Sunday, October 16, 2011

Augues Mortes

The walls of the fort can still keep out invaders; as long as they don't fly.
Augues Mortes is the fortified seaport built for the Crusaders by Louis IX, who became St Louis, in the 13th century.  Since that time, the port has silted up and no longer connected to the sea, but is surrounded by salt flats. Off in the distance are salt producing areas with large piles of the white stuff glistening in the sun. 

Entering the square.
When we arrived, the place felt empty.  We knew it couldn't be, from all the cars in the parking area.  We walked down one deserted street after another, all the shops closed, until we came upon the square.  It is easy to forget that in the smaller towns in France, everyone closes for lunch, except the places which serve food.  The square in Agues Mortes was a bee hive of activity.

One of the street was alive as well, since every shop on it seemed to sell food. We picked a small place with shady seating which offered a sandwich/panini, a cold drink, and dessert for 6.50 euro.  It was very good to sit and eat a bite.  The day was hot and sunny, such a nice change from so much of this summer.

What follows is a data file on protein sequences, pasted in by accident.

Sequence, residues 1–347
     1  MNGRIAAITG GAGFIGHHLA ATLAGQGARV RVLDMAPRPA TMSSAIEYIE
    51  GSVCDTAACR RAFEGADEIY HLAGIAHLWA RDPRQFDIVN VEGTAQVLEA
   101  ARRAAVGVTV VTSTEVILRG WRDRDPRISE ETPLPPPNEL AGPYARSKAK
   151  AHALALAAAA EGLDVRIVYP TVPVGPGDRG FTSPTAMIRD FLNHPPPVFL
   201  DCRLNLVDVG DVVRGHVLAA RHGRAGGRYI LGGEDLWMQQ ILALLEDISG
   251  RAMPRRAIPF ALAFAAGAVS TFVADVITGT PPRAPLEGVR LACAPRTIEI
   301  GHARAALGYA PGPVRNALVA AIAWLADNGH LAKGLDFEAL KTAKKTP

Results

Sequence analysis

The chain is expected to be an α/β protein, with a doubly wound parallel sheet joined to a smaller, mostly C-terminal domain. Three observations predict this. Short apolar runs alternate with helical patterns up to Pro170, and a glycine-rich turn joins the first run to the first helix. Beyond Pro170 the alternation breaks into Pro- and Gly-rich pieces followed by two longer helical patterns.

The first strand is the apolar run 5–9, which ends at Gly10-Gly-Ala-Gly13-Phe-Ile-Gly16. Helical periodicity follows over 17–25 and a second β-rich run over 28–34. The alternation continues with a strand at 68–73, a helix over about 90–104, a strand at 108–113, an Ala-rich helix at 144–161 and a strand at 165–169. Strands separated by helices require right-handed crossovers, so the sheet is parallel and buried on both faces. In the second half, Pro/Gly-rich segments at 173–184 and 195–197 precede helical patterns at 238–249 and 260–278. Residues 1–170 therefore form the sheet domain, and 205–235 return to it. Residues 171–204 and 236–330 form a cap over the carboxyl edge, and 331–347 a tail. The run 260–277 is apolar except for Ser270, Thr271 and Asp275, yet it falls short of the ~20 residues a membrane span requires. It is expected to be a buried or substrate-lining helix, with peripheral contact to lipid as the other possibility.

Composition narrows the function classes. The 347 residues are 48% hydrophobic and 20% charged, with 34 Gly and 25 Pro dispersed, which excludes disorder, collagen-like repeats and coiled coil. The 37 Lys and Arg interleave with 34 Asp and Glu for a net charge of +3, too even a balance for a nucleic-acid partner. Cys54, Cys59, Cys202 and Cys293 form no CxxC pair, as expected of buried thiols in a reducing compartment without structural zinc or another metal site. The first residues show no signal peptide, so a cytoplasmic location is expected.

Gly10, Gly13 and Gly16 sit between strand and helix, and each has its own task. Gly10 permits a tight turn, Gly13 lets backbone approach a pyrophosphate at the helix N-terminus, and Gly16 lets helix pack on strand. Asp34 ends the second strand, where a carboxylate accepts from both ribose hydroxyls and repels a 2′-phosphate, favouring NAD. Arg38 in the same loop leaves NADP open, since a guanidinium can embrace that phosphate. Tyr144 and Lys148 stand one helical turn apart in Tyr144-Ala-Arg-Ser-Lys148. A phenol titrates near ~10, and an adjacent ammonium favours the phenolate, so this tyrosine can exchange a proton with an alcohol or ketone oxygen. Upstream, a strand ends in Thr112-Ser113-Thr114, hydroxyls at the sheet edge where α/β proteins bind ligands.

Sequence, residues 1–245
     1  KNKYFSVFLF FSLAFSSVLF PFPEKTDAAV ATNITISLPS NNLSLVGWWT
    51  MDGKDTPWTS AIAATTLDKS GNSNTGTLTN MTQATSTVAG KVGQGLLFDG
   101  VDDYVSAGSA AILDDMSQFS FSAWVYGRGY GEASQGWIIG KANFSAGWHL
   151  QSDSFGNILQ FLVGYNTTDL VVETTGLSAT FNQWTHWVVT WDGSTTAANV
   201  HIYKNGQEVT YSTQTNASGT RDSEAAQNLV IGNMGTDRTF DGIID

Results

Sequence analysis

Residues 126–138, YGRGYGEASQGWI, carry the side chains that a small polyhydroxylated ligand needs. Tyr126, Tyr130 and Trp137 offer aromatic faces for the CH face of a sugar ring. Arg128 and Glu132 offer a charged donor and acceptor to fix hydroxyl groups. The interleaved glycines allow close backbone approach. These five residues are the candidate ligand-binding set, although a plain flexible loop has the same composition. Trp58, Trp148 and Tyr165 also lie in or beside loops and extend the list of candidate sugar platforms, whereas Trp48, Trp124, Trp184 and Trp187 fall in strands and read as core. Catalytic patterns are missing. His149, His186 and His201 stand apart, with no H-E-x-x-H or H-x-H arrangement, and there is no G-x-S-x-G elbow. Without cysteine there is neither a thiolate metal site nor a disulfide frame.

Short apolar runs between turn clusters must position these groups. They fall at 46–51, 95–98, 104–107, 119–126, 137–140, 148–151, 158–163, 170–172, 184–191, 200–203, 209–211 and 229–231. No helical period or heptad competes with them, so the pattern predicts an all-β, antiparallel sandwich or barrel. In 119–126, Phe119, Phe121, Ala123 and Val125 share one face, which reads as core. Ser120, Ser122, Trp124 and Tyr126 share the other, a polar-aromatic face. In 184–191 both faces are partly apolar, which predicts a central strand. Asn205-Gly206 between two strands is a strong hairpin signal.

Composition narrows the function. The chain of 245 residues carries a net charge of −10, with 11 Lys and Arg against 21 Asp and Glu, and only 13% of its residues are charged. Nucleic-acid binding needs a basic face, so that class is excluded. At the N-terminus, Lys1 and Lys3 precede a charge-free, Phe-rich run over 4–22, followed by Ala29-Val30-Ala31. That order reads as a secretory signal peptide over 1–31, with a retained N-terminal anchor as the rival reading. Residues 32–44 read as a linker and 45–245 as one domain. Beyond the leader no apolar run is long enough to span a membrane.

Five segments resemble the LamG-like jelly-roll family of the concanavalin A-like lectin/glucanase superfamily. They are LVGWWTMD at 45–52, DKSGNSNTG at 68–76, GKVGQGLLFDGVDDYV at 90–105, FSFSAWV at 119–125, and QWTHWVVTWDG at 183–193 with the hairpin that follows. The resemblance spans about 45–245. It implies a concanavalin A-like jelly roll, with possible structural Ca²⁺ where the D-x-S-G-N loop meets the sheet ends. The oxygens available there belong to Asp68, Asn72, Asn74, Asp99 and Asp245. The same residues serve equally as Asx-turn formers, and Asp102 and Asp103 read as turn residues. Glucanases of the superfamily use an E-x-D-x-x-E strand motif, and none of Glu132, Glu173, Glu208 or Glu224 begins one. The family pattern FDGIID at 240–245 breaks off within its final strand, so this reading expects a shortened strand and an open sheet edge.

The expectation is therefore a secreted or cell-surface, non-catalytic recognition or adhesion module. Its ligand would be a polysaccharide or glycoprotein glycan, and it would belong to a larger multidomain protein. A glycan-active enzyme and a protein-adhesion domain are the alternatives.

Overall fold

This young man was at the end of a group of school children.  When he turned for Bill to take his picture, his teacher, off to the left, came over and turned him back around, marching him off.

Do you think it might be lunch time?  While some of these folks were tourists, the majority were locals enjoying their lunch hours.

Piles of salt in the distance.
Augues Mortes is now one of the main salt producing areas in the world.  It is a little strange to see huge piles of salt sitting in the sun.  They look very similar to piles of dirt at a quarry, except for the color.  Several of the places we have sat this summer have had multiple flavors of salt in their kitchens.  The taste does change dramatically depending on where it was dried.  In some cases, they have added flavors.  The color varies widely, also.
Three of the famous Camargue Horses.

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